According to the American Farm Bureau Federation, the Thanksgiving meal will cost Americans an estimated 14% more this year, the highest yearly rise in 31 years, yet buyers can still find bargains at grocery shops, Reuters reports.
As the epidemic snarls worldwide distribution systems and the economic impact from the summer surge of COVID-19 infections diminishes, consumers in the United States are feeling the pinch.
The Farm Bureau, which supports American farmers and the larger agricultural business, attributed the increase in the average expense of a Thanksgiving meal for ten people to $53.31 from a 10-year low of $46.90 in 2020 to inflation and supply-chain shortages. From Oct. 26 to Nov. 8, Farm Bureau customers compared pricing for turkey, cranberries, dinner rolls, and other necessities at supermarkets.
According to the Farm Bureau, the coronavirus epidemic has made it harder to estimate customers ’ demands, which has resulted in high costs. According to the Farm Bureau, average turkey costs, which are the highlight of many Thanksgiving feasts, are up 24% from 2020 to around $1.50 per pound.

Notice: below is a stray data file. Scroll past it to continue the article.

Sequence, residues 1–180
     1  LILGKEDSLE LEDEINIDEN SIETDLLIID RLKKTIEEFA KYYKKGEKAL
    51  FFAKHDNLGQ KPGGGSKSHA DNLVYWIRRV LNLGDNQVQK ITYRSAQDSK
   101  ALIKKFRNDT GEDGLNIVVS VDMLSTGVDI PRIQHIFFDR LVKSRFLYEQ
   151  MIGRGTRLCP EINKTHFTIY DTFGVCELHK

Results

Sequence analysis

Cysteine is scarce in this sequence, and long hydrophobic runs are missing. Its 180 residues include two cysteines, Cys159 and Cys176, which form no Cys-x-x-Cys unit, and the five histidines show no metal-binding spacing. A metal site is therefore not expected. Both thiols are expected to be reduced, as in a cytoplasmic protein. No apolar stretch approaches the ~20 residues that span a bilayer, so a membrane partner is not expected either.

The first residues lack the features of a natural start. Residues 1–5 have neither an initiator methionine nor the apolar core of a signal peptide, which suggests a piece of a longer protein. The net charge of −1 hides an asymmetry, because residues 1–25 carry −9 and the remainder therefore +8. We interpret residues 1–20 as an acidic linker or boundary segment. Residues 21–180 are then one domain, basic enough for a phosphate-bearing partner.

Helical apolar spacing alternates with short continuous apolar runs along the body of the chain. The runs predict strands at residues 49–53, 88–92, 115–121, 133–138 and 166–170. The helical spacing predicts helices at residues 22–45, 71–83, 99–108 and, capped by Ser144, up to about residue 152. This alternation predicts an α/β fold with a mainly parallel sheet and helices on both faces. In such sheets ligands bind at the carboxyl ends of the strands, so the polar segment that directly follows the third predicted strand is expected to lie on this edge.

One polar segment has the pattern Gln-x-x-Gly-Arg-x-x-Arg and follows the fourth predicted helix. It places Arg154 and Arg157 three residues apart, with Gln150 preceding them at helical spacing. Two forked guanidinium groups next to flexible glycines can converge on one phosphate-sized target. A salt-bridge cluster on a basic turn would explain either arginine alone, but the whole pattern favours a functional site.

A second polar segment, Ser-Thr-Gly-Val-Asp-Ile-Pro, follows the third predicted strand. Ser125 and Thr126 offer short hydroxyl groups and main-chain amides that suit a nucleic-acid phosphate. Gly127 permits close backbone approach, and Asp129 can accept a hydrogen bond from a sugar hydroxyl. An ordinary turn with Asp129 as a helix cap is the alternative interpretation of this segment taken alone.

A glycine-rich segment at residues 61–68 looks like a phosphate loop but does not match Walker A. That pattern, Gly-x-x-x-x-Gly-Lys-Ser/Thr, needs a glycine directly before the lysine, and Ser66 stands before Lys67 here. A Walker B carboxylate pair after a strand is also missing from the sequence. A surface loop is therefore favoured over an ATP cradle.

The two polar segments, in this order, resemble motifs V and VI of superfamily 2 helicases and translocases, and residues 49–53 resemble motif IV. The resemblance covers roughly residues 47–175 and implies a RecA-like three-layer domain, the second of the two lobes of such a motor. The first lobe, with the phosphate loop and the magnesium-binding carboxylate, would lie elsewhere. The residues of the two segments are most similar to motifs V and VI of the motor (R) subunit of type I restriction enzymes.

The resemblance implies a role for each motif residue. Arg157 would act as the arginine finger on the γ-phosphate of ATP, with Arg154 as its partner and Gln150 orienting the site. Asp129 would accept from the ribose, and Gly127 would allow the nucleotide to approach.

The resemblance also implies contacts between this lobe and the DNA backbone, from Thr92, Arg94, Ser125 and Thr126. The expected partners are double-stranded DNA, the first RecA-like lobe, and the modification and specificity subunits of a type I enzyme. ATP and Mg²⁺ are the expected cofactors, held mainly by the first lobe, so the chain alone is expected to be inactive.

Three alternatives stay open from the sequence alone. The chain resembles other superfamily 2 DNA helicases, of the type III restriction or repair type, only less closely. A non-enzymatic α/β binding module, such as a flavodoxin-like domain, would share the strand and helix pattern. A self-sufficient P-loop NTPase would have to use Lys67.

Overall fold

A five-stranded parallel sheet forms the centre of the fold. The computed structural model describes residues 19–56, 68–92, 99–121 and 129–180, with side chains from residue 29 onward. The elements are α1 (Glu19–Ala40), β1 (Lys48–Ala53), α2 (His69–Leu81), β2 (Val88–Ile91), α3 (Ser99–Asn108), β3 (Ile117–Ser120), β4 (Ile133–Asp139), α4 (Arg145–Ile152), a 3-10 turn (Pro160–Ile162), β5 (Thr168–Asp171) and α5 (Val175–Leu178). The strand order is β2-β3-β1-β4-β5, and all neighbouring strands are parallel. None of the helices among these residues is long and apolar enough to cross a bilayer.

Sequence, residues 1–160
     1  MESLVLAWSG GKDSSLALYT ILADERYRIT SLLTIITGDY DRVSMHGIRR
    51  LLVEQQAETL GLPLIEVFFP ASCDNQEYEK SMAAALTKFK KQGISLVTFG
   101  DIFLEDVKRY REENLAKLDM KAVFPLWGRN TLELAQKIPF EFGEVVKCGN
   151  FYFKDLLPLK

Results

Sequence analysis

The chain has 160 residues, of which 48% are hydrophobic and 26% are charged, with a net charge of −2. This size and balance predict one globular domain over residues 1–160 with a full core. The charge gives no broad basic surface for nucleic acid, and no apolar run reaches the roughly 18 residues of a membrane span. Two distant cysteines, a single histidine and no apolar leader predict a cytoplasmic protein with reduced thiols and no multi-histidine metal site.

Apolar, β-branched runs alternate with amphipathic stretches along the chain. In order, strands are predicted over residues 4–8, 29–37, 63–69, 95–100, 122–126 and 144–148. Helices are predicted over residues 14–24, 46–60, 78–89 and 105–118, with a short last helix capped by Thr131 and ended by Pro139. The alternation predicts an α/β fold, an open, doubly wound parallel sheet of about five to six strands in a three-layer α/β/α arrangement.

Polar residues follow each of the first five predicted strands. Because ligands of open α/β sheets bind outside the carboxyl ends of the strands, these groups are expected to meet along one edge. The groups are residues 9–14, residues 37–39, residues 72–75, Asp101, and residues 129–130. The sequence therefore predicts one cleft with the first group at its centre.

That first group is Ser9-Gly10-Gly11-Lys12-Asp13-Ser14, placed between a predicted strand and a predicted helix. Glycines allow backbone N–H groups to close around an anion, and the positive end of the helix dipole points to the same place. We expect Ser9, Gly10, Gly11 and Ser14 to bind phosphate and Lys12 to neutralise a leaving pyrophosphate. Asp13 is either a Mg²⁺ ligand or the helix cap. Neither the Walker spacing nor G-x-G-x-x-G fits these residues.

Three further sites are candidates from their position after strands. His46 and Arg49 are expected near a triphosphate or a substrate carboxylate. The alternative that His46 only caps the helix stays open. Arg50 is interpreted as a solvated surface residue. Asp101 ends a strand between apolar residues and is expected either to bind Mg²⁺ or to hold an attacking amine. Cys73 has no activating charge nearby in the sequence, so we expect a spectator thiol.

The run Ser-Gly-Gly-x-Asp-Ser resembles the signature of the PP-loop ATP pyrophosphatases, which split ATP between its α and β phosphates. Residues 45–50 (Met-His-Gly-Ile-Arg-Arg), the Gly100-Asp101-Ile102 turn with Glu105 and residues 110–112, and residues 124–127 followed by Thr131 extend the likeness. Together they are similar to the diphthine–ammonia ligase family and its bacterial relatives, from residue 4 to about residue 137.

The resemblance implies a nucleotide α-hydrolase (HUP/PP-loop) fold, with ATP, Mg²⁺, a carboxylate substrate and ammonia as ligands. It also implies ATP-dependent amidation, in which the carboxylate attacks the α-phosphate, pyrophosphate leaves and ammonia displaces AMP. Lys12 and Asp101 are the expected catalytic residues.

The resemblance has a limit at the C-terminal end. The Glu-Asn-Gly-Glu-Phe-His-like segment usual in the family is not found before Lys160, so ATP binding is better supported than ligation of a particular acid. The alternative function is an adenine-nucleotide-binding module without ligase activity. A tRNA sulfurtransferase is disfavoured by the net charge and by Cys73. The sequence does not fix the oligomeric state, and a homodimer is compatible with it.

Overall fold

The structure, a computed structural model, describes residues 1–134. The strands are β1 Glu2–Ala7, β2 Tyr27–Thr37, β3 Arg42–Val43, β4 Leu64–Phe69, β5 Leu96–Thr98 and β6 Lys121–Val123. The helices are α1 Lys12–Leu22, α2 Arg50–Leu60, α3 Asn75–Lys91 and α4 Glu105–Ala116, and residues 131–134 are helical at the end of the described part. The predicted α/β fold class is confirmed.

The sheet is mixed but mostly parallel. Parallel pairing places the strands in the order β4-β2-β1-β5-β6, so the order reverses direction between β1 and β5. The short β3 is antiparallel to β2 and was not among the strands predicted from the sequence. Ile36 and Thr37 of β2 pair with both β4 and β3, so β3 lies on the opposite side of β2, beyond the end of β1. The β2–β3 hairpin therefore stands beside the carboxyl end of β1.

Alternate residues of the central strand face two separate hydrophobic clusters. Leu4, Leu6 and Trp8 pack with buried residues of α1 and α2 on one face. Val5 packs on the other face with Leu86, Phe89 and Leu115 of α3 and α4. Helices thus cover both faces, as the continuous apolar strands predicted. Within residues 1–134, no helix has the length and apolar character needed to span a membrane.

The cost of the dinner has increased by 6.6 percent without the turkey. This is similar to the 6.2 percent increase in the U.S. Consumer Price Index in October, which was the index’s largest yearly jump since November 1990, albeit it is somewhat higher than the 5.4 percent increase in the Labor Department’s gauge of expenses for food consumed at home.
Thanksgiving prices have risen for the first time since 2015, and are now 7% higher than the year before, according to Farm Bureau data.